Every year, more than 23,000 people in the U.S. are diagnosed with brain cancer or other nervous system cancers. From 2012 to 2016, an average of 67 adults were diagnosed annually with brain cancer or other nervous system cancers in Hawaiʻi. For the most aggressive forms of brain cancer, the average survival time is just 15 to 16 months after a patient is diagnosed and has received standard surgery, chemotherapy and radiation treatment. Brain cancer has a higher mortality rate and disability compared to many other cancers due to its location and the lack of screening for early detection.
May is Brain Tumor Awareness Month. To raise awareness, the University of Hawaiʻi Cancer Center will kick off its 11th annual Quest for a Cure lecture series on May 27, 5–6 p.m., sharing the latest progress in brain cancer research. The free Zoom webinar will give the public an opportunity to learn from two of Hawaiʻi’s brain cancer experts, Thomas Noh, a neurosurgeon with Hawaiʻi Pacific Health, and Christina Speirs, a radiation oncologist with The Cancer Center of Hawaiʻi.
Brain cancer is usually diagnosed only after symptoms occur when the tumor is large and may be very aggressive. “Since there is no form of early detection for brain cancer, the disease can be difficult to treat,” said Noh. “The treatment of brain tumors typically involves a multidisciplinary approach that includes surgery, radiation and chemotherapy. These treatments can be very invasive, and the patient’s doctor must carefully weigh a myriad of pros and cons to come up with the best course of action.”
Brain tumors are the most common solid tumors that affect children and adolescents. The location of the tumors often causes complications, and required treatments can result in long-term intellectual and neurological impairment.
Cancer biology research at UH
Investigators with the UH Cancer Center’s Cancer Biology Program are conducting basic research to better understand how different cancers develop and grow at the cellular level, and how to treat these diseases more effectively. UH Cancer Center Deputy Director and Professor Joe W. Ramos is working with collaborators to identify the underlying mechanisms that control brain cancer cell invasion in the most aggressive forms of the disease for which there are currently limited therapeutic options.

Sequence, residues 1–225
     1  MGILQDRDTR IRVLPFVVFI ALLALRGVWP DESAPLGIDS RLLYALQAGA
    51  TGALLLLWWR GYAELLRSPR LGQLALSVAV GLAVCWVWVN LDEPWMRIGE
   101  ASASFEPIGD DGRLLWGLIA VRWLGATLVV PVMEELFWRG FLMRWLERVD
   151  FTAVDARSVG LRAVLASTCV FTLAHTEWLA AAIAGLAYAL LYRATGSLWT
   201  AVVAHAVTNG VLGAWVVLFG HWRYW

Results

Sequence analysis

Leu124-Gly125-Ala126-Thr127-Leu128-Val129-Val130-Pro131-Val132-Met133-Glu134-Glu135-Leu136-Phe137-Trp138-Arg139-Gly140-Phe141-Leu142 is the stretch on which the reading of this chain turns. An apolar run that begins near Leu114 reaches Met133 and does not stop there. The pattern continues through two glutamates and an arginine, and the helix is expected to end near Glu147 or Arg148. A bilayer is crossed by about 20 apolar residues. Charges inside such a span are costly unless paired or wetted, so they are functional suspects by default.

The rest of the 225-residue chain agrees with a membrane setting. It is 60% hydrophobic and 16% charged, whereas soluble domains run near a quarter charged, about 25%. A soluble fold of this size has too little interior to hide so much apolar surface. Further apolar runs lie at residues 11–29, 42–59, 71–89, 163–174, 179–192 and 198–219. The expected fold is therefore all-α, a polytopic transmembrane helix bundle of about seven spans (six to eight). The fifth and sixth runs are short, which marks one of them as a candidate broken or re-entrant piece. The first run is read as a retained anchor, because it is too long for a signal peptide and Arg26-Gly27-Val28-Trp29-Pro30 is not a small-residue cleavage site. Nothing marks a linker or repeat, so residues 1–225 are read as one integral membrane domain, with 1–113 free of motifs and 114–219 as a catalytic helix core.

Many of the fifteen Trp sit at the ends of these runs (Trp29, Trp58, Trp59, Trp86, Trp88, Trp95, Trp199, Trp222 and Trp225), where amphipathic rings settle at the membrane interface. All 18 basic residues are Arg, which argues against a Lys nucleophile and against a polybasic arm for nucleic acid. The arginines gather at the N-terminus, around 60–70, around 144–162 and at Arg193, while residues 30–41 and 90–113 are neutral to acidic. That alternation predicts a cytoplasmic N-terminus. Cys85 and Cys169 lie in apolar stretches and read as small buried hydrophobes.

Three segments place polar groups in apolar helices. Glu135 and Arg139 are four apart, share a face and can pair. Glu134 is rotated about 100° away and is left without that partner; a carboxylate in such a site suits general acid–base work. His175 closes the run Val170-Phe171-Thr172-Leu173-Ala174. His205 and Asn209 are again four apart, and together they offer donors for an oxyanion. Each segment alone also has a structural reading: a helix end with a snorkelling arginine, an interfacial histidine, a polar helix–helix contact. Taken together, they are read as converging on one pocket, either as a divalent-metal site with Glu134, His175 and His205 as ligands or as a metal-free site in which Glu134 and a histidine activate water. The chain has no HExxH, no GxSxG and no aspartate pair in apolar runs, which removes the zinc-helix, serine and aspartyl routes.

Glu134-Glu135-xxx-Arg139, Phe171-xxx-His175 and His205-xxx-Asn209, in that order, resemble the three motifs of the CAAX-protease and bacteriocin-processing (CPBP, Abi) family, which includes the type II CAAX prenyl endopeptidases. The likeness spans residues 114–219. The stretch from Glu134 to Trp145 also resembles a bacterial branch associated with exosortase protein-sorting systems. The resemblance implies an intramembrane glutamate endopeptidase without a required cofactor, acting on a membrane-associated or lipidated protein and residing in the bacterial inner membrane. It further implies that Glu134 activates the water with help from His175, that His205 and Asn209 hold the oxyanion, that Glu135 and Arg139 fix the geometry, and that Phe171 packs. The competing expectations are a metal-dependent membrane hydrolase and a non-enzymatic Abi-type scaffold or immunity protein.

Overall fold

“For one type of brain cancer, stage IV glioblastoma, we found a protein called RSK2, which controls a number of processes in the tumor cells that cause them to invade surrounding tissue,” said Ramos. “In pre-clinical models, we discovered that targeting this protein to block its function reduces invasiveness and eventually kills the glioblastoma cells.” Ramos will host and moderate the May 27 event.
Treatment for brain cancer depends on the type, size and location of the tumor. Surgery is one form of treatment that is commonly used when the tumor is small and located where it is operable. Radiation therapy and chemotherapy are other forms of brain cancer treatment.
“One of the most significant advancements in radiation therapy has been the rise of molecular subtyping of brain cancers, which allows us to determine whether radiation therapy is truly the best form of treatment for each patient,” said Speirs.
Learn more about Quest for the Cure. Upcoming lectures include “Cancer and Diabetes” on June 24 and “Learn From the Experts on Pancreatic Cancer” on July 29.
This event is an example of UH Mānoa’s goal of Excellence in Research: Advancing the Research and Creative Work Enterprise (PDF), one of four goals identified in the 2015–25 Strategic Plan (PDF), updated in December 2020.